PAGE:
How Chip Kelly's Oregon Past May Shape His Philadelphia Future
By Frank Irving
If college accomplishments translated seamlessly to NFL proficiency, we might be reflecting on the dynastic runs of Steve Spurrier's ‘Skins and Nick Saban's Dolphins instead of trying to draw conclusions from 2013 preseason games.
So, we're left to wonder: Can Chip Kelly's prodigious Oregon offense possibly succeed with the Philadelphia Eagles?
The standard answer is that it's an apples-and-oranges comparison. Oregon's 2012 squad — coached by Kelly to a 12-1 record, including a Fiesta Bowl rout of Kansas State — predominantly outraced their opponents. It would be foolish to apply that approach to the pros, where elite athletic defenders lock up stride-for-stride with opposing backs and receivers.
Nonetheless, it's widely assumed that Kelly's Eagles will feature at least some components of his collegiate attack. The Ducks' offensive stats from last year reveal some interesting tendencies.
Oregon ran the ball an astounding 65 percent of the time last season, accounting for 58 percent of its total yardage on the ground. In contrast, the average NFL team in 2012 ran 27 times and threw 35 times per game for a 44 percent allocation to running plays and a 33 percent share of total yards.
In 2012, the most run-happy NFL team, the Seattle Seahawks, rushed 34 times and passed 25 times per game for a 58 percent run allocation and a 46 percent share of total yards.
Meanwhile, the Eagles, under aerial zealot Andy Reid, ran the ball only 26 times per game last season for a meager 40 percent run allocation and a league-average 33 percent share of total yards.
The takeaway: The Seahawks demonstrated that it's possible to skew toward the run and still reach the second round of the playoffs. A modest 15 percent increase in rushing attempts by the 2013 Eagles would likely put them in the Top 10 of ground-oriented teams based on last season's statistics. Perhaps not coincidentally, eight of the Top 10 teams in rushing attempts in 2012 made the playoffs.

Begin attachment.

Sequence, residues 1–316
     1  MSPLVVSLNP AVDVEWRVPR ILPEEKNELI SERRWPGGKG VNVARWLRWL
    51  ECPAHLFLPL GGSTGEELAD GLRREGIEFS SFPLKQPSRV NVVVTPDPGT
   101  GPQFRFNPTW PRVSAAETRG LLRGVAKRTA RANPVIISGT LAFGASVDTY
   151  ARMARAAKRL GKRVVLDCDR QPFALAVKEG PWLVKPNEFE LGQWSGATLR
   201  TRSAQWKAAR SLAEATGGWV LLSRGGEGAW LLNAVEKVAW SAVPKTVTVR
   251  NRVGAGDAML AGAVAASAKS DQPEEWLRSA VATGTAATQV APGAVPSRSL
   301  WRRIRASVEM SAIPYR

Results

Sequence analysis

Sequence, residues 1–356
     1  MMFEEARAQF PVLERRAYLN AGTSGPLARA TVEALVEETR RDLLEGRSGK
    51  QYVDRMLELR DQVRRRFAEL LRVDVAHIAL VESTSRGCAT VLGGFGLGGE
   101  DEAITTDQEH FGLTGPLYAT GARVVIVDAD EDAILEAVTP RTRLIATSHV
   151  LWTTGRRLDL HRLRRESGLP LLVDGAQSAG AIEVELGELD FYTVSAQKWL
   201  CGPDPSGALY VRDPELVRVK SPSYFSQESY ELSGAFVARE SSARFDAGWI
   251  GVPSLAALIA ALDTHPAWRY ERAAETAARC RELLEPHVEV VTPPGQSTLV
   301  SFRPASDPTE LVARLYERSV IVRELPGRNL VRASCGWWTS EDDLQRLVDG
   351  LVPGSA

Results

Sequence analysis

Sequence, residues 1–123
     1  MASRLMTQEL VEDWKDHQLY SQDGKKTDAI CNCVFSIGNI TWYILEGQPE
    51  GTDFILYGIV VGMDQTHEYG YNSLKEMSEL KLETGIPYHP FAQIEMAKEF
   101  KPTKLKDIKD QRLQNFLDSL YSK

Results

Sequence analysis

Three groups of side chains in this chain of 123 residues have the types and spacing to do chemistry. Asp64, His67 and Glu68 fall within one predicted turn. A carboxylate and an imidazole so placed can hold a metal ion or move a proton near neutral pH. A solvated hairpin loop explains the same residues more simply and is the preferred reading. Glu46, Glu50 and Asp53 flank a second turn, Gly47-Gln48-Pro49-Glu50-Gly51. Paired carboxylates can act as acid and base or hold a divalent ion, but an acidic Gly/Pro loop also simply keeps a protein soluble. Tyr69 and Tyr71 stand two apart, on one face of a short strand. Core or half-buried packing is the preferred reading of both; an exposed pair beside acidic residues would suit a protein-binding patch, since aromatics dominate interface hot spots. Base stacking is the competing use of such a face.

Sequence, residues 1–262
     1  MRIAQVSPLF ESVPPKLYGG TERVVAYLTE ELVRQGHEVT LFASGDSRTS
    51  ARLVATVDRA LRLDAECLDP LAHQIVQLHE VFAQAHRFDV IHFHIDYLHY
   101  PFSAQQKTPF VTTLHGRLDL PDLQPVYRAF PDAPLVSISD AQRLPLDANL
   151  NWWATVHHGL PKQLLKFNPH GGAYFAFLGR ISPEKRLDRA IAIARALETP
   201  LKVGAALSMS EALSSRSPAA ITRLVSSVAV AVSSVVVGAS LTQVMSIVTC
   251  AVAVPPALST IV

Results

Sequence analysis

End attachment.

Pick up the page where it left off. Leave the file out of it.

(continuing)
Kelly's offense called for his quarterback to spread the ball around to multiple targets. RB De'Anthony Thomas led the 2012 Ducks in receptions with a relatively modest total of 45. However, six additional players hauled in at least 20 catches and accounted for 63 percent of the team's passing yards.
The Eagles top receiver in 2012 was Jeremy Maclin, who will miss the entire 2013 season due to injury. That leaves TE Brent Celek as Philadelphia's top returning receiver, followed by (in order of 2012 receptions) RB LeSean McCoy, WR Jason Avant, WR DeSean Jackson, TE/WR Clay Harbor, WR Riley Cooper and WR Damaris Johnson.
The takeaway: That core group — minus Maclin — all return this season and will get plenty of looks in Kelly's uptempo offense. The addition of rookie TE Zack Ertz and reserve RBs Bryce Brown and Chris Polk will present additional receiving targets to help compensate for the loss of Maclin. Don't expect a significant drop off in the Eagles passing game.
Oregon QB Marcus Mariota averaged eight yards per passing attempt and seven yards per rush in 2012. Mariota passed for 32 touchdowns and incurred only six interceptions for an incredible 163 passing efficiency rating.
Eagles QB Michael Vick averaged slightly less than seven yards per passing attempt and a bit more than five yards per rush last season. He threw for 12 touchdowns and was intercepted 10 times while compiling a pedestrian quarterback rating of 78.
The takeaway: The coach values dependability and consistency, even though he seems fond of highly-athletic quarterbacks. Vick must improve his decision-making to be the season-long caretaker of Kelly's offense. If he reverts to last year's form, current backup Nick Foles will be given a shot to lead the team.